In Texas, unlike Arizona, not all migrant deaths are sent to a medical examiner’s office. Brooks County, Texas receives the highest reported number of undocumented migrant deaths each year (80 in 2011, 129 in 2012, and [Grave Marker] 87 in 2013, and these deaths fall under the jurisdiction of a Justice of the Peace (JP), as there is no medical examiner within the county. When any individual dies and the circumstances surrounding death are unknown, the Texas Code of Criminal Procedures requires a forensic examination, collection of DNA samples, and submission of paperwork to an unidentified and missing persons database. However, due to the high volume of deaths and lack of county resources, the local JP and Brooks County Sheriff’s Office were overwhelmed and began to bury the undocumented migrants, most without proper analyses or collection of DNA samples, leaving little chance that these individuals will ever be returned to their families. In turn, families are left without knowing what has happened to their son, daughter, mother, father, brother or sister.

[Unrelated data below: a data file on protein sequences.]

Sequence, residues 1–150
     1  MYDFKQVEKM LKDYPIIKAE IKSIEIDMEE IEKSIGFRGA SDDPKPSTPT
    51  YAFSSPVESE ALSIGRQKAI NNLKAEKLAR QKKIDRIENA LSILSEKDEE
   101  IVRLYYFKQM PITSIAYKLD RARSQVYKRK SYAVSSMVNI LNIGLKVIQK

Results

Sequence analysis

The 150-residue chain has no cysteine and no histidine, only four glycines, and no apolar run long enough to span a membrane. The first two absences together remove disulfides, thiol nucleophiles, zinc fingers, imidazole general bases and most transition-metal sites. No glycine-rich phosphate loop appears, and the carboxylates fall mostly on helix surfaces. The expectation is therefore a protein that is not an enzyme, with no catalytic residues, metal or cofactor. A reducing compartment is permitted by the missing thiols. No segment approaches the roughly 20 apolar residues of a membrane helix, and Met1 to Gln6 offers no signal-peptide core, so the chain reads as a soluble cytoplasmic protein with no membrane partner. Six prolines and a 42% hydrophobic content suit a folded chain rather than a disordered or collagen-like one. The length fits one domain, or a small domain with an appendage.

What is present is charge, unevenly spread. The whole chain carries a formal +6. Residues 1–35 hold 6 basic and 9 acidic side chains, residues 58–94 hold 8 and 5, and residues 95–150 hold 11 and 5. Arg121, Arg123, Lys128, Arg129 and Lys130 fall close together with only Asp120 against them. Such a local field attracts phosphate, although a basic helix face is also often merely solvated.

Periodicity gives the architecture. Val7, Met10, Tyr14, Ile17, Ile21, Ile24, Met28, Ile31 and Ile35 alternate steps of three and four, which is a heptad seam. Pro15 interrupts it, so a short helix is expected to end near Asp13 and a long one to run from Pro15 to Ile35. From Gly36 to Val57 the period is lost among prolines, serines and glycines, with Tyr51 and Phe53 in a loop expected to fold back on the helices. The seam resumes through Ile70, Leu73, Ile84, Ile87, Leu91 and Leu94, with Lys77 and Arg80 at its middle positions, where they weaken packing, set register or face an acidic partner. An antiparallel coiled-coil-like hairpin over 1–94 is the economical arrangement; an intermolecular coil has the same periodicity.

In response to the migrant burials in Brooks County, Dr. Lori Baker (Baylor University) and Dr. Krista Latham (University of Indianapolis) and their students performed voluntary exhumations of these burials for the purpose of skeletal analysis and DNA sampling in hopes of facilitating positive identifications and returning individuals to their families. However, the majority of the exhumations contained individuals in early to late stages of decomposition, requiring storage until the remains could be prepared for analysis. Because the Forensic Anthropology Center at Texas State (FACTS) has large scale storage, processing, and analysis capabilities due to the Forensic Anthropology Research Facility (FARF) and the Osteological Research and Processing Laboratory (ORPL), the undocumented migrant remains (57 in 2013 and 20 in 2014) were brought to FACTS for processing (maceration to skeletal remains) and analysis to facilitate identification. Teaching, research, and service are the pillars of the FACTS mission.